Let $Z$ be an abelian group. Let $f:M\times N \rightarrow Z$ be a bilinear map such that $f(rm, n) = f(m, rn)$.

There exists the unique group homomorphism $f^* \colon M \otimes_R N \to Z$ such that $f^*(m \otimes n) = f(m,n)$.

Then $f^*\psi\colon M\tilde\otimes_R N \rightarrow Z$ is a group homomorphism such that $f^*\psi(m \tilde\otimes n) = f(m,n)$. Since the set of $m\tilde\otimes n$ generates $M\tilde\otimes_R N$ as a group, The uniquness of $f^*\psi$ as a group homomorphism is clear.

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+1 I think your answer is the clearest. –  M Turgeon Aug 20 '12 at 21:49
    
This is exactly what I was looking for. Thank you. –  Paul Slevin Aug 20 '12 at 21:55

[This answers a question raised in the comments above]

Let $R$ be a (not necessarily commutative) ring and let $M_R$ and ${}_RN$ be a right and a left $R$-module, respectively. Pick a free presentation $$F_1\to F_0\to M\to 0$$ of $M$ as a right $R$-module, that is, a short exact equence of the form above with $F_0$ andd $F_1$ free right $R$-modules and $R$-linear maps. This amounts to writing $M$ in terms of generators and relations.

Since the tensor product $(\mathord-)\otimes_RN$ is a right exact functor, applying it to the sequence above preserves exactacts, so we get a short exact sequence $$F_1\otimes_RN\to F_0\otimes_RN\to M\otimes_RN\to 0$$ This means, precisely, that $M\otimes_RN$ is the quotient of $F_0\otimes_RN$ by the (image of) $F_1\otimes_RN$.

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Keeping track of the full categorical characterization of things clarifies this: in either category, there is also $j:M\times N\rightarrow M\otimes_R N$ which is bilinear and $j(rm\times n)=j(m\times rn)$. In the category of $R$-modules ($R$ commutative) there is the further requirement that $M\otimes_R N$ be an $R$-module and that $j(rm\times n)=r\cdot j(m\times n)$.

In fact, even in the category of abelian groups, there is the obvious canonical $R$-module structure on $M\otimes_R N$, namely, that induced from $r\cdot (m\otimes n)=rm\otimes n=m\otimes rn$.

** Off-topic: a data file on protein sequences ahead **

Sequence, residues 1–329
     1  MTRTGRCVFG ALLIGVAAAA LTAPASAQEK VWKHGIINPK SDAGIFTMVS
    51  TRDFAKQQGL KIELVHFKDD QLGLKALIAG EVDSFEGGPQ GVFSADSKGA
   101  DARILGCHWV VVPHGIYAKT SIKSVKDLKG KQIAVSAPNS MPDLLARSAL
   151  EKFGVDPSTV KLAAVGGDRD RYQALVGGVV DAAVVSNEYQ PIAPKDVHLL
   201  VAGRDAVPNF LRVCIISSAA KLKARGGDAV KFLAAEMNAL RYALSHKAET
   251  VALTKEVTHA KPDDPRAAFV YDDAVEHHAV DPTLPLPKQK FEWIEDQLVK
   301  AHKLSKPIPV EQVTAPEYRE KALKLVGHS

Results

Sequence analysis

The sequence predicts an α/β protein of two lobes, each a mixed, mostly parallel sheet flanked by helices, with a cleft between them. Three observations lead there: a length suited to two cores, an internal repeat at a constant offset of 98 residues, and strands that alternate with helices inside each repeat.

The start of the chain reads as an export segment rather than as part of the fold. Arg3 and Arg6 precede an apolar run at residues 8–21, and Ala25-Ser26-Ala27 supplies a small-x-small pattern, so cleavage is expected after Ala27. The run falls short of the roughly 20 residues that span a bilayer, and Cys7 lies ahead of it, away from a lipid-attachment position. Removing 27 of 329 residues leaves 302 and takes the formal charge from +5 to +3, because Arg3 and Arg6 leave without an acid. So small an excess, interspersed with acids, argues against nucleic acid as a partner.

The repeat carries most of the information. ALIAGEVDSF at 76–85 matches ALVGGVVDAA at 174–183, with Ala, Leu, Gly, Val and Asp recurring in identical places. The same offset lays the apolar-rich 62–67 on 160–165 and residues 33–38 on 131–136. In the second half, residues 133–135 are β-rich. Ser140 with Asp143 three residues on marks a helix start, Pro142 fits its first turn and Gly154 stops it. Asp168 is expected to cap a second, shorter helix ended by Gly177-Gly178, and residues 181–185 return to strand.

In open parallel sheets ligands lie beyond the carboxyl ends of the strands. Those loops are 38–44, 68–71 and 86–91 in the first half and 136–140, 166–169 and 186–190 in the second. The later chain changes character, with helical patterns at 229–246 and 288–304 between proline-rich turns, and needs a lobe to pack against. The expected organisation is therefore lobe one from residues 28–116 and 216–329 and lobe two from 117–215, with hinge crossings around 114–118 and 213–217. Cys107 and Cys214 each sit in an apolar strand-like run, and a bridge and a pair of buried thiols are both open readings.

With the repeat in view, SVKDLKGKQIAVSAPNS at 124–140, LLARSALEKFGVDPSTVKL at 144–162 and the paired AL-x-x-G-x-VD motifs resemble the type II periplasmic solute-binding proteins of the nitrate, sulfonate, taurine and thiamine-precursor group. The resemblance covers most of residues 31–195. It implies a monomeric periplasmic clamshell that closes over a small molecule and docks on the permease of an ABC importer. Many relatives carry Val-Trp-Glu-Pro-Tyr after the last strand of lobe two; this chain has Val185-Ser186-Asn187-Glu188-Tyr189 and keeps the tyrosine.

Further, given a bilinear map $B:M\times N\rightarrow Z$ with $B(rm\times n)=B(m\times rn)$ in the larger category, inducing unique $\mathbb Z$-linear $\beta:M\otimes_R N\rightarrow Z$, if it should happen that $Z$ is an $R$-module and $B(rm\times n)=r\cdot B(m\times n)$, then provably $\beta$ is $R$-linear: $\beta(rm\otimes n)=B(rm\times n)=r\cdot B(m\times n)=r\cdot \beta(m\otimes n)$.

Edit: in response to the question "how to put $R$-linear structure on $Z$?", I think one does not attempt to do so. Rather, if $Z$ "happens to have" this structure, then the discussion goes through.

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How does one put $R$-linear structure on $Z$? –  Paul Slevin Aug 20 '12 at 19:03

Let $M\otimes_RN$ be be the tensor product in the first sense (the abelian group construction). As you pointed out, $M\otimes_RN$ has an $R$-module structure, and it is a tensor product in the second sense (the $R$-module construction). Being a universal element, any tensor product in the second sense must then be isomorphic to $M\otimes_RN$, so must have the universal property of the first kind (the abelian group construction).

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It is not clear what you are saying. There are two classes of maps being talked about, and each of them has a "universal element" in your terminology. They have no reason to be isomorphic just by virtue of being "universal" (in their own class). –  Uday Reddy Aug 25 '12 at 21:14